Shares of steelmaker Evraz continue to fall for weeks amid Russian invasion of Ukraine

Ottawa is not ruling out sanctions against Russian companies operating in Canada following the invasion of Ukraine – a list that could include steelmaker Evraz, one of Regina’s biggest employers, and whose majority shareholder is a Russian oligarch.

“Everything is on the table and we are carefully reviewing the assets of the oligarchs in Canada,” Federal Finance Minister Chrystia Freeland told reporters on Tuesday when asked directly about the imposition of sanctions on Evraz.

Even without sanctions, the steel company’s share price – which is headquartered in the UK and has facilities in Alberta and Saskatchewan – is plummeting.

It has fallen nearly 90% in the past month as investors have watched tensions escalate and the threat of a Russian invasion grow, said Keith Willoughby, dean of the University’s Edwards School of Business. from Saskatchewan.

Evraz’s majority shareholder is Russian oligarch Roman Abramovich, who holds a 28.6% stake in Evraz. He has ties to Russian President Vladimir Putin, according to the US Treasury Department.

That puts the company squarely in Ottawa’s sights, after Russia launched an invasion of Ukraine last week that was condemned by most of the global community.

Evraz’s stock prices fell as tensions between Russia and Ukraine grew. (London Stock Exchange)

Canada is part of a global effort to stop the invasion by implementing a variety of economic and social sanctions designed to pressure the Russian President to end the invasion.

“I have to be honest with Canadians that there could be collateral damage in Canada” because of these sanctions, Freeland said Tuesday.

“In order to really have an impact, we are going to have to be prepared for there to be negative consequences for our own economies.”

Willoughby said the speed and consistency with which countries are applying sanctions against Russian companies is unprecedented.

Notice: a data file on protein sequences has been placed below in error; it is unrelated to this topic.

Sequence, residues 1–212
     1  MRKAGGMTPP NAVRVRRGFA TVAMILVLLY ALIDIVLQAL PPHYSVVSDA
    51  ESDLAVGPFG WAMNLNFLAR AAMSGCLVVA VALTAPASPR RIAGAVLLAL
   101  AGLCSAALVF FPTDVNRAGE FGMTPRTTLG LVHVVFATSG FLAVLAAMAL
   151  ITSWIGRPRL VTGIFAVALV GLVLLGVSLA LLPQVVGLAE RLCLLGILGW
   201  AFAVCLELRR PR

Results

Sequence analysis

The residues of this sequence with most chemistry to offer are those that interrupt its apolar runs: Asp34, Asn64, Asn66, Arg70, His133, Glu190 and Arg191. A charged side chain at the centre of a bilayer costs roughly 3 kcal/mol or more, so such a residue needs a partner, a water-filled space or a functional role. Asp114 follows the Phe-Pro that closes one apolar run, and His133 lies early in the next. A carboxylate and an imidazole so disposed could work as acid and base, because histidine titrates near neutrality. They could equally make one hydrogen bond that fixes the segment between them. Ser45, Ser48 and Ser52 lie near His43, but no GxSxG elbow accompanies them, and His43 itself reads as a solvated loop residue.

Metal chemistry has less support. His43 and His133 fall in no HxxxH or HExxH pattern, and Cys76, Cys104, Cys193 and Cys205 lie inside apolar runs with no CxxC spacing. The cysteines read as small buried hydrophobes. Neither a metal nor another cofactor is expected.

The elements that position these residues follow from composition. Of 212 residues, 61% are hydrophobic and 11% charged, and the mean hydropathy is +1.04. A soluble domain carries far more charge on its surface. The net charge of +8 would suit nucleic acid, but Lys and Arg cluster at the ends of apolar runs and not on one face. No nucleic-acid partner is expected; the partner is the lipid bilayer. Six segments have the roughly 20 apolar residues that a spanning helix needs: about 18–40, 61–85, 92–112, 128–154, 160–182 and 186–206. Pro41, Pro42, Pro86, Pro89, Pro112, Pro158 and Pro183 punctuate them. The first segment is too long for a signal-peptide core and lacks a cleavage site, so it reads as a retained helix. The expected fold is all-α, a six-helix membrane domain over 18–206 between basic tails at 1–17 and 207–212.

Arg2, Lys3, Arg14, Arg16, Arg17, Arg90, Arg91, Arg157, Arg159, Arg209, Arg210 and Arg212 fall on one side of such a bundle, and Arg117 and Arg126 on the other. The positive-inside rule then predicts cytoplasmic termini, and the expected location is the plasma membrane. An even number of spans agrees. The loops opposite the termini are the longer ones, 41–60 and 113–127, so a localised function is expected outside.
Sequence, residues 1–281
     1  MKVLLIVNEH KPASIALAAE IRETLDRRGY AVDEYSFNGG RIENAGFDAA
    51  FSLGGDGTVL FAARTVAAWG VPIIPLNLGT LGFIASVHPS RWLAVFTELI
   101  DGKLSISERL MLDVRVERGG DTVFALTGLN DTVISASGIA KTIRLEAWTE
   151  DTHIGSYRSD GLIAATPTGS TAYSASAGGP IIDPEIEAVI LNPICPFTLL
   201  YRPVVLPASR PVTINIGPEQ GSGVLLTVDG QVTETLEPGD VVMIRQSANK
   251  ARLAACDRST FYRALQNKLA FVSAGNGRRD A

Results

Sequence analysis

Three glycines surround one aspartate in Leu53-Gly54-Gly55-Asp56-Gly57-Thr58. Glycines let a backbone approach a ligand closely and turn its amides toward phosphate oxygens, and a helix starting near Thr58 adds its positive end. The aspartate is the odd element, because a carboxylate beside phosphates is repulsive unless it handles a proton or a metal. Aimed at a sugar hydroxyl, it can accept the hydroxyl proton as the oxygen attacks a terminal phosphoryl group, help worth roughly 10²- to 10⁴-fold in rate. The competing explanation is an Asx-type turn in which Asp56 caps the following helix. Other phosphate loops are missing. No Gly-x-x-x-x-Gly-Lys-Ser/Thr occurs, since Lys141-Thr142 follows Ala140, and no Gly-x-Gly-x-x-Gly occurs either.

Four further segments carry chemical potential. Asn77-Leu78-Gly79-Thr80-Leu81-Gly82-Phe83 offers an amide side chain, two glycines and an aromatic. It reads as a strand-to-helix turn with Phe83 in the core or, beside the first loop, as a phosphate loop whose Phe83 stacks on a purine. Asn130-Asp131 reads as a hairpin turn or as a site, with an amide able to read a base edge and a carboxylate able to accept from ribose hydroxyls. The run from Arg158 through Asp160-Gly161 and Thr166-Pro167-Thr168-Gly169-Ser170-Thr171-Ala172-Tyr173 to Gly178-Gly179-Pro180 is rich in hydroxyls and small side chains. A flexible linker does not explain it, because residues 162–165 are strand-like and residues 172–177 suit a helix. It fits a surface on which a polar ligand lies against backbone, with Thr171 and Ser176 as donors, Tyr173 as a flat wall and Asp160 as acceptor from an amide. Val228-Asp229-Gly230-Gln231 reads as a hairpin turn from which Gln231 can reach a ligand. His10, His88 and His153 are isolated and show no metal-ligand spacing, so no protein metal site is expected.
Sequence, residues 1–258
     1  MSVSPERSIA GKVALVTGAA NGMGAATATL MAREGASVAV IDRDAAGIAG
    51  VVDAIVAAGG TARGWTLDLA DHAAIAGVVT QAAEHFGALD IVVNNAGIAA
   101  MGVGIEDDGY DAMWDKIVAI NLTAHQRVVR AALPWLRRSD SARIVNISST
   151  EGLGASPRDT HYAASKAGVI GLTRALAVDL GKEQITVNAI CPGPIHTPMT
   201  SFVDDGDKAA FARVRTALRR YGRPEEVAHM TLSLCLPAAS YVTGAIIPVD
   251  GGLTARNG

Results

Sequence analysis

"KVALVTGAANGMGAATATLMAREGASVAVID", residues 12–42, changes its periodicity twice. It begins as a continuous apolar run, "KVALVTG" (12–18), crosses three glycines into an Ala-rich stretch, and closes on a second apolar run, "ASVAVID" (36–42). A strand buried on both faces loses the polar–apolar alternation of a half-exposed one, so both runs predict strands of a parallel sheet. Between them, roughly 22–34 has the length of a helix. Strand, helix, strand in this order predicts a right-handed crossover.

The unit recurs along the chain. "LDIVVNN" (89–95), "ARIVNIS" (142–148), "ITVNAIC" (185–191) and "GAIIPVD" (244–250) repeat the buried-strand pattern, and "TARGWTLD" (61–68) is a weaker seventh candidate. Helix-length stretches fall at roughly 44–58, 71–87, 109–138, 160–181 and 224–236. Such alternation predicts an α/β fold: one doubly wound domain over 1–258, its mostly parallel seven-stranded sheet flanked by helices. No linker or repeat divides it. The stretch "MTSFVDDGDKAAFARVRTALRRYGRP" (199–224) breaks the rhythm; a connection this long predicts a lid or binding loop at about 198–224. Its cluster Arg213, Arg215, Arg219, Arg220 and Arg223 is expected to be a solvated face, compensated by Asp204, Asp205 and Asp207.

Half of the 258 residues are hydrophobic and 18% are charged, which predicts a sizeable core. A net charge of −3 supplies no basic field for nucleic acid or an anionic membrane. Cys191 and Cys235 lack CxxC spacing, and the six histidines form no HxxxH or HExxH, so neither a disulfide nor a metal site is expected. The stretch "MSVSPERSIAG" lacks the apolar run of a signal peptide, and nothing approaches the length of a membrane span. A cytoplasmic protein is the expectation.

“I don’t know if I’ve seen that much scale in terms of sanctions…whether economic or political, even sporting.”

In the short term, Willoughby does not expect the sanctions against Evraz, if implemented, to impact employment or operations in Regina.

“I don’t see this developing into a situation yet where you would see layoffs or closure of facilities,” he said, but if the sanctions are implemented and drag on, jobs and contracts premises could be threatened.

“I think that’s where it gets more worrying from a local business perspective.”

According to Evraz’s website, its Regina plant produces carbon steel slabs and large diameter pipe used for oil and gas pipelines. Although Saskatchewan-specific details are scarce, the Regina plant has been in operation since 1961 and is one of the city’s largest employers.

Evraz supplied steel for the Trans Mountain pipeline expansion, which was fully delivered in the second quarter of 2021, Freeland said.

A spokesperson for Evraz did not immediately respond to interview requests or provide details about the Regina facility.

Provincial government spokesman Matthew Glover said there would undoubtedly be economic repercussions if Ottawa sanctions Evraz.

“While international sanctions are a matter of federal authority, we believe that Russia should face appropriate consequences for its unlawful aggression against Ukraine,” Glover said in an emailed statement.

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